1. “Brand dollars will come online if we just do ____.”Brand dollars will come online, but it won’t be because of ad tech. It will be because television itself comes online. It’s already happening, with blended TV/online buys from most big networks, and the emergence of the “newfront”. Will ad tech need to provide features and functionality, new metrics, and innovative formats to capitalize on this endemic trend? Of course. But the idea of online publishers somehow keelhauling the established TV ad market is the single largest and most consistent fallacy this industry has propagated since its inception.
2. "We don’t need a GRP for digital.”
The Media Kitchen's Darren Herman and I agree on a lot of things, but this is not one of them. Reference point #1 above: TV is coming online, and not the other way around. The GRP needs updating, and validation, but it’s still the currency by which the vast majority of ad revenue today is planned and evaluated, and for an optimal merge of the online and TV ad markets it will necessarily need to remain.
3. “Buying ads is like trading stocks.”Jordan Mitchell said it best here:
"When you buy a share of stock on the NASDAQ or NYSE, you know exactly what you’re getting...In contrast, ad exchanges provide very little transparency or standardized information to what you’re actually buying – they simply offer ad inventory by the tonnage through an auction model and cookie retargeting...This basically means ad exchanges as they exist today are built on “insider trading” principles."
4. “This is the year of mobile."Last year was the year of mobile, actually. I guess if you say it every year you’ll be right once eventually.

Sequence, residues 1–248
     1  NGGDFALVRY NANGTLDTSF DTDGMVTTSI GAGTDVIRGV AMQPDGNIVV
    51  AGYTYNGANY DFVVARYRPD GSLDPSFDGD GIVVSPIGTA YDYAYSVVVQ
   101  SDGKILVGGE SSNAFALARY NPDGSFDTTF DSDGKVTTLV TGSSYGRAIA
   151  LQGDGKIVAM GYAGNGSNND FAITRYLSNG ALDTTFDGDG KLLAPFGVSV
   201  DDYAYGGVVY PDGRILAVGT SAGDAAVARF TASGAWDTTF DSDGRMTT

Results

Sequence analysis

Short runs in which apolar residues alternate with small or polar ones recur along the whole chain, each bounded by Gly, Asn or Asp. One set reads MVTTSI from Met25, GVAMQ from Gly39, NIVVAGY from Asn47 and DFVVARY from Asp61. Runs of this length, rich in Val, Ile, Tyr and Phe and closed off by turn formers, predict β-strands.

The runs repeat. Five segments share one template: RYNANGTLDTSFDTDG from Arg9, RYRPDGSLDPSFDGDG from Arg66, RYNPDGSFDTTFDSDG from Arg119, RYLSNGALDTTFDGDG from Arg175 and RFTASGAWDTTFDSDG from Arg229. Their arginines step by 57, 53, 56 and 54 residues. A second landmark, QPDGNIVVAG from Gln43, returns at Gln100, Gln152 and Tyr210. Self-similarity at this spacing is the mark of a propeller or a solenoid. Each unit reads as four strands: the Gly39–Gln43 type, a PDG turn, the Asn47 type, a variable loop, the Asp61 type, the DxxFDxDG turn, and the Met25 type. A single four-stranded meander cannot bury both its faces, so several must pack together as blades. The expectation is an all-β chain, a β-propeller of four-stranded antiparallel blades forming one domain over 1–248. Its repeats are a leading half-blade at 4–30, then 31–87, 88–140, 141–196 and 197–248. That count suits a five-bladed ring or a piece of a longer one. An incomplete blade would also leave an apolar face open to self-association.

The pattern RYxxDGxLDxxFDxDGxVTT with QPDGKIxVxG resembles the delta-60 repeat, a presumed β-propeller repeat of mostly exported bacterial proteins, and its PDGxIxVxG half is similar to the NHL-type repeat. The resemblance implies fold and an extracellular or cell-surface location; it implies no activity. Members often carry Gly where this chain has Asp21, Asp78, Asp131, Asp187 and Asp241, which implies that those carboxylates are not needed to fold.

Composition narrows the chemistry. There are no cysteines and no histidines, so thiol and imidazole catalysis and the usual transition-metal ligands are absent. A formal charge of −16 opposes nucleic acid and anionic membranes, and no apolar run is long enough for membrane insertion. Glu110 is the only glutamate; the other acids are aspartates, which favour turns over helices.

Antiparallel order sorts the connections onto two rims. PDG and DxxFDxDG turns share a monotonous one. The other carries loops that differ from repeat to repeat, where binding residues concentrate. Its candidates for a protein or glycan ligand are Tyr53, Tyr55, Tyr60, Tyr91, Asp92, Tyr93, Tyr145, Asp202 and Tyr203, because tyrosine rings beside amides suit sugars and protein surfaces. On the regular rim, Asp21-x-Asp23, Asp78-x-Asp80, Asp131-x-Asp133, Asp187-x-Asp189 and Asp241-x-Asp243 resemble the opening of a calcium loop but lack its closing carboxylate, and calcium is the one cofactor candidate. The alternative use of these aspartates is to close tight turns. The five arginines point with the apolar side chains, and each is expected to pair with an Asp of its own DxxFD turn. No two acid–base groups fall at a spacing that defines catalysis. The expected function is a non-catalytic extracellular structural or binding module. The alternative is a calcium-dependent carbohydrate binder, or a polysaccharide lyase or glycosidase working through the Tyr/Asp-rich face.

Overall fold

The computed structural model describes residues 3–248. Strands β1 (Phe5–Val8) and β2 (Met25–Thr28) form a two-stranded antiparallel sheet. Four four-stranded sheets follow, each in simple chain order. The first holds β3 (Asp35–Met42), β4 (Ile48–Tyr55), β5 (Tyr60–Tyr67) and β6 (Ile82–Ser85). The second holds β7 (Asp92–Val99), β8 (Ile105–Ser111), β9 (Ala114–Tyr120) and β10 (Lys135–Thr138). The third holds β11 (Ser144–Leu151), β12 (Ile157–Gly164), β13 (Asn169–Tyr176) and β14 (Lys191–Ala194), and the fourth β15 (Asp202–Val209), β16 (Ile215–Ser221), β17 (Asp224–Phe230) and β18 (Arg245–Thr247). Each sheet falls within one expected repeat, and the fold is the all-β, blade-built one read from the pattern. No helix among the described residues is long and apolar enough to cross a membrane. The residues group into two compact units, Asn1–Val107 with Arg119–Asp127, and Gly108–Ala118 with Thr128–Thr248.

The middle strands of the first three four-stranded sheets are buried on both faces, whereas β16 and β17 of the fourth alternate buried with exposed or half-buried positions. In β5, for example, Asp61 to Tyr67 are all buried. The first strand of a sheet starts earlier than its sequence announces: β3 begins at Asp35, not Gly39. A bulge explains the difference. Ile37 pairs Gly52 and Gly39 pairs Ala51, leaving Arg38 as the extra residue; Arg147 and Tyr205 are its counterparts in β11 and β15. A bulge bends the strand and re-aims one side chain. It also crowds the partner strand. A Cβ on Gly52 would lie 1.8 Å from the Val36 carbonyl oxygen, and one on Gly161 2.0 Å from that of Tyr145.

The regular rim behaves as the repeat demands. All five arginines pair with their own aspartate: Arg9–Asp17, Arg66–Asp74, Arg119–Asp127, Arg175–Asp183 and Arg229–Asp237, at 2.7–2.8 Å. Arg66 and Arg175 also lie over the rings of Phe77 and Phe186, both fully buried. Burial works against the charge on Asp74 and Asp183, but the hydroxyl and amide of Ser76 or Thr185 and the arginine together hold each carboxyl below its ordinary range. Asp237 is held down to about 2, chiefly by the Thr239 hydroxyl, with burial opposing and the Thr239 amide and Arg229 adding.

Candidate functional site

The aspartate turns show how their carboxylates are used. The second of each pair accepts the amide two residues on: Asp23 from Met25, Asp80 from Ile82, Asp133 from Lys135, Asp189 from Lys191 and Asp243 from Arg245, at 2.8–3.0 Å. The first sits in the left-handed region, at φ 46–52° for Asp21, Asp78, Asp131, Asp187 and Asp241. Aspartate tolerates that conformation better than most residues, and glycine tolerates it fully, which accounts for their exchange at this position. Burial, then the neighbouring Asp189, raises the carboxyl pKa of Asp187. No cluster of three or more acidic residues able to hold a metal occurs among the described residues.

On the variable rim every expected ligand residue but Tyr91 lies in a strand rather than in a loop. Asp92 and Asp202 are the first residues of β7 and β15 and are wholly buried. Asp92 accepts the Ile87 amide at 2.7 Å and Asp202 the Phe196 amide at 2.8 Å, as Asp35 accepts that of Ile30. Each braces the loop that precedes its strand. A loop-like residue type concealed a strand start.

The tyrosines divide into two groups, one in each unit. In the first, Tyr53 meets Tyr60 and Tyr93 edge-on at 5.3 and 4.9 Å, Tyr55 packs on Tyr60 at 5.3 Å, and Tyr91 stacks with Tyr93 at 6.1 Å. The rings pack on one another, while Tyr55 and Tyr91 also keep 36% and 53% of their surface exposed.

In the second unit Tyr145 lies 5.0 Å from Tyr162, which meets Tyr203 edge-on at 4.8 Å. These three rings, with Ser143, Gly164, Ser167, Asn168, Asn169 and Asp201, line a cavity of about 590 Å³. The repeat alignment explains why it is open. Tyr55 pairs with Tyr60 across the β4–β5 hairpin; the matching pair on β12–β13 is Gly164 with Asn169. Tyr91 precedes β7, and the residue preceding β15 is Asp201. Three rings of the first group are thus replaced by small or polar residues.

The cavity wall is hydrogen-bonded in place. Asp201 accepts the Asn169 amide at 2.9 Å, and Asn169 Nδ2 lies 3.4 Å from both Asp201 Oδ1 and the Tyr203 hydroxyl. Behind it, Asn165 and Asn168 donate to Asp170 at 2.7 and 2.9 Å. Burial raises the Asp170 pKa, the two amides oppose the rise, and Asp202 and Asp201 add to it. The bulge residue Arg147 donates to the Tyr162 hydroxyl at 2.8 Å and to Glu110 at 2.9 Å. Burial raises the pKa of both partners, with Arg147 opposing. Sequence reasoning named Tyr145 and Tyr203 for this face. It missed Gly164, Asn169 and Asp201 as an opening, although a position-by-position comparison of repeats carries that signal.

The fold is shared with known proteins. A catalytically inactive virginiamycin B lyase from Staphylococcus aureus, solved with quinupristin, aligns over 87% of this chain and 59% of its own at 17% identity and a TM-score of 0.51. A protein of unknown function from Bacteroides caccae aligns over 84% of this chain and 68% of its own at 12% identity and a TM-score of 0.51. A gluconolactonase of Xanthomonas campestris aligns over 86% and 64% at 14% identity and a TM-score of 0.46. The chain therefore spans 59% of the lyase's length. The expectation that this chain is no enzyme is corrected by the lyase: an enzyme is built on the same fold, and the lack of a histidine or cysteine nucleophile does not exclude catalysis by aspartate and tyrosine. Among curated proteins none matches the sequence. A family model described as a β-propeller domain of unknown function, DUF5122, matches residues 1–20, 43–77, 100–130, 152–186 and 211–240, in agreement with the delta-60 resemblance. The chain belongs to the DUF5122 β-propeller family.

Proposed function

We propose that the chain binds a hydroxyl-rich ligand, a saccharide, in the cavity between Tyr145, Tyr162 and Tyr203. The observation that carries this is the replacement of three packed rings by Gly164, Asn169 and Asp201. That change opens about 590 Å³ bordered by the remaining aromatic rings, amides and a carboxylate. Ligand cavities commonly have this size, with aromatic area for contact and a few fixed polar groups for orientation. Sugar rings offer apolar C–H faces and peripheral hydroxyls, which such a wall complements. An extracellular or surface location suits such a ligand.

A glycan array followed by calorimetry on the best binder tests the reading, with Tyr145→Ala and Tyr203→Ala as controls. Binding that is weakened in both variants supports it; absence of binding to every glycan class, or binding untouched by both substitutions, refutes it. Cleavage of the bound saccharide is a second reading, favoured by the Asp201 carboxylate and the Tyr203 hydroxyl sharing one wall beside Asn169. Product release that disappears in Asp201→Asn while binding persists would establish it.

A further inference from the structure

“The year 2011 saw mobile advertising become a meaningful category,” said David Silverman, Partner, PwC U.S. “By combining some of the best features of the internet, along with portability and location-based technology, mobile advertising is enabling marketers to deliver timely, targeted, relevant, and local advertisements in a manner that was not previously possible. It is for these reasons that we expect strong growth to continue with mobile advertising.”
5. “The digital advertising industry is too crowded.”
Competition breeds innovation and forces vendors to price solutions at rates that encourage widespread trial and adoption of new technology. Without venture capital, and the attendant “crowding”, online advertising would be stuck in 1995, with a ceiling imposed by direct publisher sales, blind inventory, and zero accountability. More than 35% of the vaunted Lumascape has been acquired, which ought to be a strong indicator of value creation of all parties in the ecosystem.
6. “Online advertising is too complicated.”
Inefficient? Sure. Resource intensive? Can be. But is hiring vendors, placing buys, and measuring results really that complex?
7. “Ad networks are dead.”
For the last time, no they’re not. More than 50% of the comScore Top 50 Properties either own or are owned by an ad network. The 26th largest ad network is bigger than the 5th largest publisher. The Google Ad Network is the single largest provider of inventory on the Internet. Can we please stop talking about this now.